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  • Glenn

Constellation Brands: Best margins in class.

Opdateret: 7. aug.

I like companies that have the highest margins in their sector, as it points to the company having a large moat. and could be potential compounders in the long-term. One of such companies is Constellation Brands, which has a higher operating margin in their beer segment than their competitors. In this analysis I will investigate if Constellation Brands should be added to your portfolio and at what price.

This is not a financial advice. I am not a financial advisor and I only do these posts in order to do my own analysis and elaborate about my decisions, especially for my copiers and followers. If you consider investing in any of the ideas I present, you should do your own research or contact a professional financial advisor, as all investing comes with a risk of losing money. You are also more than welcome to copy me.

Since I have attended the workshop with Phil Town, I have decided to change the layout of my analyses a bit. I will do some more calculations and briefly go through why the company has meaning to me. I have changed the format of the analysis a bit to try to make it shorter and with less numbers. If you want to read more about how I evaluate a company, please go to "MY STRATEGY" on my website.

For full disclosure, I should mention that at the time of writing this analysis, I do not own shares in Constellation Brands. If you would like to copy my portfolio or see the stock in my portfolio, you can read about how to do so here. I don't own shares in any of their direct competitors either, but I have shares in Ambev, which is a Brazilian brewery. Nonetheless, I will keep this analysis unbiased.

Constellation Brands was founded in 1945 in New York, United States. Constellation Brands is an international producer and marketer of beer, wine, and spirts, with operations in the U.S., Mexico, New Zealand, and Italy. They are the third largest beer company in the United States, and the largest seller and brewer of imported beer in the U.S. market. While the name Constellation Brands may not be recognizable for everyone, their beer portfolio consists of recognizable brands such as Corona, Modelo, and Pacifico, which means that they have nine of the 15 top-selling imported beer brands in the United States. Their wine portfolio consists of names such as Meiomi and Kim Crawford, resulting in Constellation Brands having nine of the 100 top-selling high-end wine brands in the United States, while their spirits portfolio consists of brands such as SVEDKA vodka and MI CAMPO tequila. These brands are what gives Constellation Brands their brand moat. In fiscal 2022 their beer segment contributed with 76,6 % of their net sales, while wine contributed with 20,6 % and spirits with 2,8 %. Besides their beer, wine, and spirits segment, Constellation Brands also owns 35,7 % of the shares in Canadian cannabis company, Canopy Growth Corporation.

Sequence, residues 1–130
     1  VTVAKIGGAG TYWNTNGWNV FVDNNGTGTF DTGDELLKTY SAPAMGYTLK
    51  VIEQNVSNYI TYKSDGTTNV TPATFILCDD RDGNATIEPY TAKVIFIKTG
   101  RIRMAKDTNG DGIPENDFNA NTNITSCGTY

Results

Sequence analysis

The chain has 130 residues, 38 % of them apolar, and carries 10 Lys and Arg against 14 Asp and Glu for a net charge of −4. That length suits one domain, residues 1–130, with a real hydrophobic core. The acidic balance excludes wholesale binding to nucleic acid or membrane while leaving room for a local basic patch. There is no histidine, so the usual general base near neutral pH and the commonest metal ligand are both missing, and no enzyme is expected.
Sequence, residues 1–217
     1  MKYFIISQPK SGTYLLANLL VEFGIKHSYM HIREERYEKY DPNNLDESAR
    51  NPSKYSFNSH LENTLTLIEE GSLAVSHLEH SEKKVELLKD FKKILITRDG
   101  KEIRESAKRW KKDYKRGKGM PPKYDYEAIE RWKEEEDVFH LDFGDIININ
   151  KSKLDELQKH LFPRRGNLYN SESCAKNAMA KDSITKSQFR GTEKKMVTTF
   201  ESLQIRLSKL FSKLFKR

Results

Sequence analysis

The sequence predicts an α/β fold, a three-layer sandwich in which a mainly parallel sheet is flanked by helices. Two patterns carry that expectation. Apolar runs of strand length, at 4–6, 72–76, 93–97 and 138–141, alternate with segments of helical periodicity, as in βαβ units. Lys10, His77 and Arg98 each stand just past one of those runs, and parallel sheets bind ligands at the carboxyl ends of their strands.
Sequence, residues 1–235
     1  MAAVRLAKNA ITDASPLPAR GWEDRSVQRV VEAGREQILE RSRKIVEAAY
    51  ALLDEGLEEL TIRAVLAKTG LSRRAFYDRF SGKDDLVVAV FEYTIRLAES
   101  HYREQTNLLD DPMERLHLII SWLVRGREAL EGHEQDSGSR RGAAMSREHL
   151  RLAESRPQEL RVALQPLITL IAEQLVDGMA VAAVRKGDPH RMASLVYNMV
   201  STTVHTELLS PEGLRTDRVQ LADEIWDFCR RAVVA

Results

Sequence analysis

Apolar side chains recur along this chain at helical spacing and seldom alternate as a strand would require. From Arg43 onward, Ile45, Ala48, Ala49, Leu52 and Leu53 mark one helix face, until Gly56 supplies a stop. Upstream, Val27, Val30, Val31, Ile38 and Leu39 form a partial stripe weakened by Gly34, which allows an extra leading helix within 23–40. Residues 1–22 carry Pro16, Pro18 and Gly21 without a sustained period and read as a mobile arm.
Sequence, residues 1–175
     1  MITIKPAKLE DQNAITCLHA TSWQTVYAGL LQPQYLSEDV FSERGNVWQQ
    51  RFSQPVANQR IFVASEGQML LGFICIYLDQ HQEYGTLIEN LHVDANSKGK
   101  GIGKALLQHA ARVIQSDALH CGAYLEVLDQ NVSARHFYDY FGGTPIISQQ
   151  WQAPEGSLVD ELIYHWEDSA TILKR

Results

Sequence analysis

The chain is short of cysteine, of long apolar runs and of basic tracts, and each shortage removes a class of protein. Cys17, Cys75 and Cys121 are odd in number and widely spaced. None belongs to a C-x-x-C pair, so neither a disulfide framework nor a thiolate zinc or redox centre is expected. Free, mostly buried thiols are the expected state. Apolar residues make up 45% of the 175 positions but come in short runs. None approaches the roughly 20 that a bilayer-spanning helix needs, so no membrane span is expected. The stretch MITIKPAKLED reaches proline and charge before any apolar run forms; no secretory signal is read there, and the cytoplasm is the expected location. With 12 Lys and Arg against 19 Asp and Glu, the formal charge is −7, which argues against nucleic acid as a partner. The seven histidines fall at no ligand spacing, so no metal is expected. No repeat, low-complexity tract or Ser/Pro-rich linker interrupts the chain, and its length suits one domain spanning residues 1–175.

Their CEO is Bill Newlands. He joined Constellation Brands in 2015 and became the CEO in 2017. Prior to joining Constellation Brands, he held various positions in different wine companies, including being the president of North American at Beam, Inc, which he helped being one of the fastest growing companies in its category. He holds a Bachelor of Science from the Wharton School at University of Pennsylvania and an MBA from Harvard Business School. Bill Newlands also serves at the boards of Hormel Foods, Canopy Growth, and Distilled Spirits Council United States. As a CEO, he has concentrated Constellation Brand's portfolio around high-end brands as it aligns with consumer-led premiumization trends, which should result in higher growth and higher margins for Constellation Brands. I haven't been able to find much about Bill Newlands' management style but according to Glassdoor, he has a 93 % approval rate, which is positive. While we don't have much information about Bill Newlands, it is safe to say that he has a vast experience in the sector, and I like how he has concentrated the portfolio towards high-growth and high-margin products. Hence, I feel comfortable in Bill Newlands leading Constellation Brands moving forward.

I believe that Constellation Brands has a brand moat. Furthermore, I feel confident with the management as well. Now let us investigate the numbers to see if Constellation Brands lives up to our requirements for a strong moat. In case you want an explanation about what the numbers are, you can have a look at "MY STRATEGY" on the website.